much of the research on the underlying causes of Alzheimer's disease focuses on the beta amyloid (Aβ), a protein that accumulates in the brain as the disease progresses. The excess protein Aβ form groups or ‘plates’ that disrupt the communication between brain cells and trigger inflammation, which ultimately leads to a widespread loss of neurons and brain tissue.
The plates Aβ are a major focus for researchers of alzheimer's disease. However, a new work of neuroscientists from the University of Chicago (USA), conducted by the researcher in Spanish Sylvia Ortega-Martínez , reveals a new process involved in this pathology that, in the future, it could become a pharmacological target: the microglia.
Her work, published in the "Journal of Neuroscience" shows how, in the genetic forms of alzheimer's disease, a process called neurogenesis-can be interrupted by the own immune cells of the brain. "These results open a new avenue of research, highlighting the role of microglia in the brain's ability to generate new neurons (neurogenesis), key to the proper functioning of the brain. This new path of investigation, like all those developed in the field, has the final goal to better understand a disease due to various causes, and, consequently, to be able to get closer, each day more, to a potential therapy, and open a line of hope to patients and families of alzheimer's disease".
The project had as objective to evaluate the impact of the depletion of the microglia (a type of immune cell in the brain that usually repairs the synapses, destroys the dying cells and removes the excess protein Aβ) in models of Alzheimer's disease, in the processes of neurogenesis and anxiety. To do this, he explains to ABC Health researcher Spanish " we have used three different types of models of alzheimer's disease, all of them associated with mutations in the human gene for the presenilin 1 (PS1). These mutations in humans produce what is called 'familial Alzheimer's disease early onset' which amounts to between 1-5% of all cases of alzheimer's disease".
previous Research had shown that when healthy mice are placed in an environment ‘rich’ where they can exercise, play and interact between them, they have a huge increase in new brain cells that are created in the hippocampus, the part of the brain that is important for memory. But when mice carrying mutations in PS1 and PS2 are placed in such an environment, they do not show the same increase in new brain cells. They also begin to show signs of anxiety, a symptom often reported by people with alzheimer's disease of early onset.once you remove the microglia, all of these deficits present in the mice was restored completely. You delete a type of cell and everything's back to normal
The researchers focused on the microglia. When administered to mice a drug that causes microglial cells to die, neurogenesis returned to normal. Mice with mutations of presenilin were placed in an enriched environment and were well; showed no memory deficits or signs of anxiety, and they were creating the normal amount and expected of new neurons.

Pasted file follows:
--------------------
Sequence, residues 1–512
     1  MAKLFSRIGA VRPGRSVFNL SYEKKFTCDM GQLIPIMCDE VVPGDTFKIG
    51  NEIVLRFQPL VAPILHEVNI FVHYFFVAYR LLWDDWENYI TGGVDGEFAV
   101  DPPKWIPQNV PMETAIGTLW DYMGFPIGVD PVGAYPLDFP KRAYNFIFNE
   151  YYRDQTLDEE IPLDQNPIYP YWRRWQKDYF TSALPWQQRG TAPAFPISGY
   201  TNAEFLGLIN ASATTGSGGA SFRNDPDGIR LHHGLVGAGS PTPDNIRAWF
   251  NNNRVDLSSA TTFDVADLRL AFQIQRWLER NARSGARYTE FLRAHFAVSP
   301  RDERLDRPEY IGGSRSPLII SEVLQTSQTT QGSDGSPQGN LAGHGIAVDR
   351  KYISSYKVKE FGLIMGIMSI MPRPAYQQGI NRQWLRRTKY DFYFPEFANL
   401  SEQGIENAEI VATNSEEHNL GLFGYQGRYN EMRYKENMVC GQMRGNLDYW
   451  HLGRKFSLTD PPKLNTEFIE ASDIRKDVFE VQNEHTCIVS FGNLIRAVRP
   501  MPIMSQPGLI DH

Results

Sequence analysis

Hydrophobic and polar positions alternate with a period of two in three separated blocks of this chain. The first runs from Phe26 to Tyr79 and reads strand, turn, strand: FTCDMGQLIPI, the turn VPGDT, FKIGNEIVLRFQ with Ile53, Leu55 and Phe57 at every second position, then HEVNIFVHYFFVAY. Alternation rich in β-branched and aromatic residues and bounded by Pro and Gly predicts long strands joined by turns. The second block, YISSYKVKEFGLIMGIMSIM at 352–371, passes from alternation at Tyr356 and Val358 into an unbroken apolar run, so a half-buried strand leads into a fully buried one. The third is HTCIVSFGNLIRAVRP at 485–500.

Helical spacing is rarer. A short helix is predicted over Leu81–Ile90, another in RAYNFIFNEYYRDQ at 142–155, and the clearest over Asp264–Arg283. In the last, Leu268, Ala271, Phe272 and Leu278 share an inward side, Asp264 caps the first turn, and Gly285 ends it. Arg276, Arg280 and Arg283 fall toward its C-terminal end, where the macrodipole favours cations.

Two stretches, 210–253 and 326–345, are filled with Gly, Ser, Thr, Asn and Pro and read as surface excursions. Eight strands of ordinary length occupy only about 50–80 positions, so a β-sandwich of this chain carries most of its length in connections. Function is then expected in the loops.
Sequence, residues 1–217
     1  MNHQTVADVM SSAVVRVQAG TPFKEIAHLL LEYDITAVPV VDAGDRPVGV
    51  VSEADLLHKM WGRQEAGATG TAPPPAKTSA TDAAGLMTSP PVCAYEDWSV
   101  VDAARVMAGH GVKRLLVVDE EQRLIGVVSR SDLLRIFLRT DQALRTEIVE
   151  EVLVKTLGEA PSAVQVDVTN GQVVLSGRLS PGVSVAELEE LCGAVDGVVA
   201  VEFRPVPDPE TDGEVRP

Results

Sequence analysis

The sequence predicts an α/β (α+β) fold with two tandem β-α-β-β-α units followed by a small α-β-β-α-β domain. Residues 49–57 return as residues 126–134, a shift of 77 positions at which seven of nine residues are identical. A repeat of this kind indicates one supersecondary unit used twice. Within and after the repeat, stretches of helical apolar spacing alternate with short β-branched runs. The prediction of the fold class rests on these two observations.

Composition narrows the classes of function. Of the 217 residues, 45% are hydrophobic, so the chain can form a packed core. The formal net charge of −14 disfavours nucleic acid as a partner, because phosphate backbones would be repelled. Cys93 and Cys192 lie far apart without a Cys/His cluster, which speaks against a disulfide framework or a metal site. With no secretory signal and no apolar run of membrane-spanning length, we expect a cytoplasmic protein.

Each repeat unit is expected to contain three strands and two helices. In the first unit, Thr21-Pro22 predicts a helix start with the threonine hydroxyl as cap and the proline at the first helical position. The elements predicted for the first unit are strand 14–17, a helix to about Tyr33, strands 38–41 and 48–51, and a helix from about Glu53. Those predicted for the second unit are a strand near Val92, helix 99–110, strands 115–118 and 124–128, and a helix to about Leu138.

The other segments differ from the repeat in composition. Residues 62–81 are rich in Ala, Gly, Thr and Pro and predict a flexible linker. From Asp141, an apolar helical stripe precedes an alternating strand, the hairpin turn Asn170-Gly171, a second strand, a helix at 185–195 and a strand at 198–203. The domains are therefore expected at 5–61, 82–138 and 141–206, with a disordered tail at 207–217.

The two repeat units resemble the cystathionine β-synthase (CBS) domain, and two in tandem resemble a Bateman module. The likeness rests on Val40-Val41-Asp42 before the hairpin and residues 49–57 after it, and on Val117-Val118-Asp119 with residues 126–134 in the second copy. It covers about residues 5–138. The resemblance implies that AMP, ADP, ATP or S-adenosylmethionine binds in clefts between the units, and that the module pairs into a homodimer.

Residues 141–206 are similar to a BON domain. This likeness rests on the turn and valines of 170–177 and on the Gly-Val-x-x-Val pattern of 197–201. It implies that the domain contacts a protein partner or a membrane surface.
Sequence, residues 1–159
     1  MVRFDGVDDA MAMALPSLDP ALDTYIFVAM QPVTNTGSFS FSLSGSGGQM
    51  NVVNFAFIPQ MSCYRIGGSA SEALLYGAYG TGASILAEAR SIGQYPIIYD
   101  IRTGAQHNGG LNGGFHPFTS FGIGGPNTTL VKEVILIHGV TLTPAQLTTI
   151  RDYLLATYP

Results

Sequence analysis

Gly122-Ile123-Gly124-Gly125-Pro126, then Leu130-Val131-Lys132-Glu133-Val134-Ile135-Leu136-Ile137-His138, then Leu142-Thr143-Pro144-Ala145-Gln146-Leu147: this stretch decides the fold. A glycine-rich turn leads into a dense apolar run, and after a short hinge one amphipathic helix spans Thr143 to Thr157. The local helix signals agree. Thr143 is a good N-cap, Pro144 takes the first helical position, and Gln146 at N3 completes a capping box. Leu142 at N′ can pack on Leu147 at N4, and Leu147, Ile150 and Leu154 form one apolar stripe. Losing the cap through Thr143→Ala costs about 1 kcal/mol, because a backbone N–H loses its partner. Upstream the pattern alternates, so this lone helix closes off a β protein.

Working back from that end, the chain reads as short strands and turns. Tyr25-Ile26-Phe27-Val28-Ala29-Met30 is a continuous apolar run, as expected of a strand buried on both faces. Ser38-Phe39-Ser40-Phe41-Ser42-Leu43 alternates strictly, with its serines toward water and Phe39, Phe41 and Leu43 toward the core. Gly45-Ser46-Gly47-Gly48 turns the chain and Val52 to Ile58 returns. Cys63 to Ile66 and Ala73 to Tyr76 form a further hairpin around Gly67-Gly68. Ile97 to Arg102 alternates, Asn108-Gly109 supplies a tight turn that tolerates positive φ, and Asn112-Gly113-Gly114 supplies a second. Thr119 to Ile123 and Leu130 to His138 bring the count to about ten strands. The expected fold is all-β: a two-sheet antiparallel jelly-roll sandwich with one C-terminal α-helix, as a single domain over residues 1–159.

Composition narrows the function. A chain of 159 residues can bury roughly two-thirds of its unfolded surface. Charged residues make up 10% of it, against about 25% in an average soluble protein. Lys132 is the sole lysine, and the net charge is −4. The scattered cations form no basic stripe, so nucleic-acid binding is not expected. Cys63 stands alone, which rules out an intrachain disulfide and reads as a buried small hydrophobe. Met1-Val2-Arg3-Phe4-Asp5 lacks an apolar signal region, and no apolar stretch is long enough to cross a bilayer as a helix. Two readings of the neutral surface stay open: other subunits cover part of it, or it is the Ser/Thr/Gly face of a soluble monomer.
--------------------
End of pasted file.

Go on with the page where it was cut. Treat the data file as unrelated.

How? " We used a receptor antagonist CSFR1 in the food of the animals . To incorporate such a drug, known as PLX5622, we get a reduction of microglia in the 99%. In these cases, when we evaluate the neurogenesis and anxiety in the models studied, we saw that both pathological conditions are recovered, achieving a state similar to the control," explains the expert Spanish.
does that Mean that the microglia is a novel pharmacological target for this disease? Ortega-Martínez believes that the microglia is postulated as an important pharmacological target. "To be more precise –he adds-, the target is not the microglia itself, but the neurogenic cells, which are crucial for diseases such as alzheimer's disease and many other neurodegenerative (párkinson, etc) and psychiatric (depression, anxiety, schizophrenia, etc)".
In this sense, he says, the research aims to see what factors can we modify to get the neurogenesis hippocampal adult is not diminished in this group of diseases. "It is known that a decrease in neurogenesis is associated with cognitive problems (lack of memory, learning, etc), but also with emotional problems. Long-term –notes-, the ability to control neurogenesis could assume the power to control these diseases."
Well, forward, the question is to know specifically if it is the microglia that directly affects adult neurogenesis or if you are one of the factors that microglia secreted in the niche where the cells neurogenicas are. " This is the main question to address now in this project ".Our group combines both approaches to the disease. The jump to studies translational in humans rests primarily on the success seen in studies of basic research
The researcher points out that there are many groups working on alzheimer's disease and neurogenesis, and others on microglia and neurogenesis. "Our group combines both approaches to the disease. The jump to studies translational in humans rests primarily on the success seen in studies of basic research".
But for the moment, concludes, "we can only say that the removal of microglia in models of alzheimer's disease, family, studying two mutations key to this type of alzheimer's disease, has reversed the negative effects on both neurogenesis as anxiety. Now get to work on extending these studies to other models of alzheimer's disease, and other diseases of the nervous system, to potentially in the future, getting to human".
But remember that the main problem of this disease is that it is multicasual, hence the research must be to put limitations to his approach. "As metaphor, you could say that there are plenty of research groups working on Alzheimer's worldwide, and each one focuses on a particular aspect of the disease to unravel the puzzle or mosaic global disease".Updated Date: 21 September 2019, 03:01